Nourishment: Preaching and Looking for the Converted

Nourishment: Preaching and Looking for the Converted

Maxwell Ryan
Nov 30, 2004

After writing my own op-ed piece on Thanksgiving last week, I read Dan Barber's piece in the New York Times. I had to chuckle at myself - it seems Barber and I were thinking similar things, but in his case, he said it with far greater eloquence and convincing grace. And because I ended up not having the guts to read it outloud to my in-laws at our Thanksgiving meal, I thought I might expand a bit in this week's Nourishment post.

My thanksgiving dinner, delicious as it was, lead me to think about the dozens, if not hundreds, of people I know who do not eat organic local food: people who are concerned about the environment, who care deeply about their health and the health of their family and community, not to mention the vast majority of which admittedly love good food.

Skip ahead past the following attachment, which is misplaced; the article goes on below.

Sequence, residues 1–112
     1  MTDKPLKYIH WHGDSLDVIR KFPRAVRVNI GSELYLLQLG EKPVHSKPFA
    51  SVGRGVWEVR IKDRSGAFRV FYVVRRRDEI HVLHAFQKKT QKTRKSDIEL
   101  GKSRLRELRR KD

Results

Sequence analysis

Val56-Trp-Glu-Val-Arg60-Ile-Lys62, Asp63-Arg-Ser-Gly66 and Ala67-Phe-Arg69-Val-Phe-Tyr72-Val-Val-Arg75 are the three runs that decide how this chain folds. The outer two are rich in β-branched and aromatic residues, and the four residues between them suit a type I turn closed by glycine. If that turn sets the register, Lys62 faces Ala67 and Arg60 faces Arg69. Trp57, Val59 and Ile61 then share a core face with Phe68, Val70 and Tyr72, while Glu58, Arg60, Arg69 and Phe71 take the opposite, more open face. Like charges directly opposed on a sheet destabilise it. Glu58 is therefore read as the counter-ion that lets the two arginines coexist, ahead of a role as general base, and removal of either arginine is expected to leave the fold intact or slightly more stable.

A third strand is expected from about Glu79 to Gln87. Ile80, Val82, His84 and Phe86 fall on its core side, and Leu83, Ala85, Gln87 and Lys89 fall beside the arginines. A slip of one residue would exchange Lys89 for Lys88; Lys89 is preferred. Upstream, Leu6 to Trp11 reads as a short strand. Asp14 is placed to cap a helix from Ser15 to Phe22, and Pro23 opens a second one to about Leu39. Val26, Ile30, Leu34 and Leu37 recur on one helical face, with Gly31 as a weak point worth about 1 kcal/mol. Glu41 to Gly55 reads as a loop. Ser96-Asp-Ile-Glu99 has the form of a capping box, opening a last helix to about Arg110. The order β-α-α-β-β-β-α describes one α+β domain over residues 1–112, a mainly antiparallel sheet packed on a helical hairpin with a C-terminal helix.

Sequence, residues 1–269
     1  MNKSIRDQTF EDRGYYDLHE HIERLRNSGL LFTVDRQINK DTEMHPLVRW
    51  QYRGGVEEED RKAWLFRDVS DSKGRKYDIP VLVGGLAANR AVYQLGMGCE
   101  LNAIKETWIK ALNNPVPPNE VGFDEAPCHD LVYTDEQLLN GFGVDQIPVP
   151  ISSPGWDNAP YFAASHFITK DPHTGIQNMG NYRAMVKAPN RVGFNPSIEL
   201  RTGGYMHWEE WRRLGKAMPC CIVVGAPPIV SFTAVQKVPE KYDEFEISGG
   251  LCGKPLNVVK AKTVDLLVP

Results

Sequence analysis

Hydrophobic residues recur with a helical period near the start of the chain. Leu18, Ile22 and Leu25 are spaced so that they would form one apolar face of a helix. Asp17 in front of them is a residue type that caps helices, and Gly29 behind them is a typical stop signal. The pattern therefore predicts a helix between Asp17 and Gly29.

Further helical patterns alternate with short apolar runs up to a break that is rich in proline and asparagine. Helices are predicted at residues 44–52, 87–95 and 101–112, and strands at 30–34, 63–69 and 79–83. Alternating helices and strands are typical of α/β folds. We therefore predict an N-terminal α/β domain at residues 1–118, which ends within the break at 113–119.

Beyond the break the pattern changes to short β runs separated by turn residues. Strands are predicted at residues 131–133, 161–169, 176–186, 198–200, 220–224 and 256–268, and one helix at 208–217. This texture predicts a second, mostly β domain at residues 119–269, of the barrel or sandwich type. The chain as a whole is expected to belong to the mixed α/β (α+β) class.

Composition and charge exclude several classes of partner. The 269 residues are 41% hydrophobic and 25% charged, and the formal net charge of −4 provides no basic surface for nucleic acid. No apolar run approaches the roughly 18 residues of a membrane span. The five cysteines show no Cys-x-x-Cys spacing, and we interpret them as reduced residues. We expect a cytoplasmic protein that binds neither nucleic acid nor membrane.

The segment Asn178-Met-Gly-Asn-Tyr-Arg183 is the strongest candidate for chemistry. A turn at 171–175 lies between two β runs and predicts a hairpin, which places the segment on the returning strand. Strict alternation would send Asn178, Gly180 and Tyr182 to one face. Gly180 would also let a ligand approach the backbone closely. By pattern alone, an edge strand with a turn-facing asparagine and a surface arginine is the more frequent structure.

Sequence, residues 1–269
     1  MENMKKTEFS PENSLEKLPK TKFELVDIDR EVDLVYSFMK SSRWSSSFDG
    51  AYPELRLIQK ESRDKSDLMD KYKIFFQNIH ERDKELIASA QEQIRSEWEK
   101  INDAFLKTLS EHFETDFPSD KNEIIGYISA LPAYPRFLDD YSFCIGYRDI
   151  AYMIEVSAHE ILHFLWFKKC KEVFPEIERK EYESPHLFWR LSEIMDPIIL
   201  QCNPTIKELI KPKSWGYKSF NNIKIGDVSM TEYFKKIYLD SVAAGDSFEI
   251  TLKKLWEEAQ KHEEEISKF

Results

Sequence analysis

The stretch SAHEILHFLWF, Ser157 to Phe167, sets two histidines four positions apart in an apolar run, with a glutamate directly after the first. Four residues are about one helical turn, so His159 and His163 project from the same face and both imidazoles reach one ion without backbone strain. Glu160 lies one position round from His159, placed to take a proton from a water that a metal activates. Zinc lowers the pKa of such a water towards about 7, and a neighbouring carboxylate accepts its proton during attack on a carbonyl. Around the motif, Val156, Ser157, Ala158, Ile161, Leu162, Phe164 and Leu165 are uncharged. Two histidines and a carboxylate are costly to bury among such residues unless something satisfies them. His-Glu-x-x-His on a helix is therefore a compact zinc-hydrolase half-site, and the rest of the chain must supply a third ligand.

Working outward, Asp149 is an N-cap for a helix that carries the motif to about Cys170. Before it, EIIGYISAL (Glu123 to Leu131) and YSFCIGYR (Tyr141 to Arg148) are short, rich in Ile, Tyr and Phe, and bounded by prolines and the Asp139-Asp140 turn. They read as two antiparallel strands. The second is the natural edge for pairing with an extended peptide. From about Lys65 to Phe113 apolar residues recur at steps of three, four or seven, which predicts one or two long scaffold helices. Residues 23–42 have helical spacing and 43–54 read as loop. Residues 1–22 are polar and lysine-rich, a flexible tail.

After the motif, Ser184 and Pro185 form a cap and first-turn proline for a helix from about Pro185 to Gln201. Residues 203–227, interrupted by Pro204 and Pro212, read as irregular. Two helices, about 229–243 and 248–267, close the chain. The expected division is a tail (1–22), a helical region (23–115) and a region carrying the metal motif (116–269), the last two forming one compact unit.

The only answer I could come up with is a simple lack of knowledge. One friend wrote to me this week saying she'd read Barber's op-ed and "it makes me want to go organic" – that's a start. What can we do to get people to take the last step?

Get out the knowledge.

I urge everyone to read Dan Barber's piece, and to read more about the quality of our food and how it affects our environment and our health, and to then ask yourself if you're ready to start making simple, easy choices about your food. And if you have the guts, read it out loud to someone you think needs to hear it. skgr of SKCooks

These are great resources to get started with:

  • The Eat Well Guide
  • Center for Food Safety
  • Farm To Table
  • Heritage Foods
  • Local Harvest
  • Pesticides in Produce
  • Seafood Watch
  • Slow Food USA

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